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Wednesday, June 13, 2007
Safest Convertibles Not Necessarily Most Expensive
When buying a new convertible, more expensive does not always mean safer. Recently released test scores by the Insurance Institute for Highway Safety discovered several affordable convertibles that offer better crash protection than more expensive models.
The Institute, conducting tests on 10 new mid-size convertibles for the first time, gave top scores to two expensive convertibles - the 2007 Saab 9-3 and 2007 Volvo C70. Both cars, whose price starts at nearly $40,000, earned the highest scores on front, side-impact and rear crash protection tests.
"The performances of the 9-3 and C70 are impressive," said the Institute's president, Adrian Lund. "These cars combine what convertible buyers should look for if they're shopping with safety in mind."
According to J.D. Power and Associates, convertibles, an indulgent second car for many owners, comprise a small part of the new car market, or about 2 percent of vehicle sales.
Three convertibles, all starting under $30,000 - the 2007 Mitsubishi Eclipse Spyder, 2007 Volkswagen Eos, and 2008 Chrysler Sebring - earned the highest marks in front and side-impact crash testing.
Meanwhile, the 2007 BMW 3 Series and the 2007 Audi A4 Cabriolet, received the Institute's second-lowest score of marginal in side-impact tests. The BMW convertible starts at $43,200, while the A4 model starts at $39,100. Both earned the highest ratings in frontal tests.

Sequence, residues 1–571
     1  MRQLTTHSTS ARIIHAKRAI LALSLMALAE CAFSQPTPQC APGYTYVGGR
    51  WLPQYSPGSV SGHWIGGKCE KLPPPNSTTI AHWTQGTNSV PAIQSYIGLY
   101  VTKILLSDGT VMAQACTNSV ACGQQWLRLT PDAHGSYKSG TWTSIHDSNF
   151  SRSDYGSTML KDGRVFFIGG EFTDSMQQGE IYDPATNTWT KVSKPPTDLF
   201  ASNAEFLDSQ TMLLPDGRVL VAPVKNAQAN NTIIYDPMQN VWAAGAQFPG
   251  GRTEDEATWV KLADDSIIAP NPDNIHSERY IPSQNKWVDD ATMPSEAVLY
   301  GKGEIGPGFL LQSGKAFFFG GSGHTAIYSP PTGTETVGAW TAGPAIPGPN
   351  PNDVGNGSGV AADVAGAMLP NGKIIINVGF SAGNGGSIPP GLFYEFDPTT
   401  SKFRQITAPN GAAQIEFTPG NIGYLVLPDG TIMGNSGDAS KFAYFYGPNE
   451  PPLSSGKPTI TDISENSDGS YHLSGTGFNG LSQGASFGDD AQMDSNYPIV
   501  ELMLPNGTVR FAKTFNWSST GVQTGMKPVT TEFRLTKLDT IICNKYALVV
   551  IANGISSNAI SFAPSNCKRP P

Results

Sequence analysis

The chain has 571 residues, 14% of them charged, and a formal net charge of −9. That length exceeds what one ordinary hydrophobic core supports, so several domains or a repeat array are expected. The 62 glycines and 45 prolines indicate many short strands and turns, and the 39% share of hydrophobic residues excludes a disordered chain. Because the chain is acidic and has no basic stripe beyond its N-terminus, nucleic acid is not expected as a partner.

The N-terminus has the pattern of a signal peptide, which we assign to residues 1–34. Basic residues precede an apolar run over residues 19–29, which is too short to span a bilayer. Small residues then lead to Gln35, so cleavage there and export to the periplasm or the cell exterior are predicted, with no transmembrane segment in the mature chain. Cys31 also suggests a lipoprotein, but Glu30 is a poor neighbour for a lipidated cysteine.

For example, during its side test of the 3 Series, the Institute observed injuries on the driver dummy that could indicate rib fractures and injuries to internal organs in a real-life crash.
BMW AG spokesman Thomas Plucinsky said the automaker was disappointed with the side-impact results but that it engineers its vehicles to pass a wide range of crash tests around the globe.
"We're confident that in real world situations that BMW vehicles are among the safest in side-impact," he said.
Audi AG spokesman Patrick Hespen said the A4's vehicle platform was introduced in late 2002, before the Institute's testing procedures were implemented. He said the vehicle "provides a high level of crash protection."
The 2007 Pontiac G6, which starts at $29,400, earned scores of marginal in side-impact crash tests and the second-highest score of acceptable in frontal tests.
According to the Institute, the G6's front compartment fared well during the front-end tests, but the driver's seat came ajar on one of its tracks and slid forward, causing the dummy's head to strike the instrument panel.
General Motors Corp. spokesman Alan Adler acknowledged that there was some movement of the front seat, but "the seat remained in place and provided good protection to the crash test dummy in the driver's seat." On the side-impact test, he said General Motors is moving to equip all passenger cars with head protection by 2009.
Other vehicles tested include the 2007 Toyota Camry Solara, which earned the highest rating in frontal testing and the second-highest mark in side evaluation. The Ford Mustang, meanwhile, earned second-highest marks in front-end testing and the highest marks in side-impact.
According to Lund, consumers should look for roll bars, which help reduce the risk if the convertible flips over. Pop-up roll bars, which automatically deploy if sensors detect a potential rollover, are standard equipment on the 9-3, C70, Eos, 3 Series and A4, but are not available on other vehicles tested.
The National Safety Commission recommends The Driver Education Handbook for Parents as a valuable teaching tool for parents who are concerned with their teen's driving safety and understand the value of quality instruction.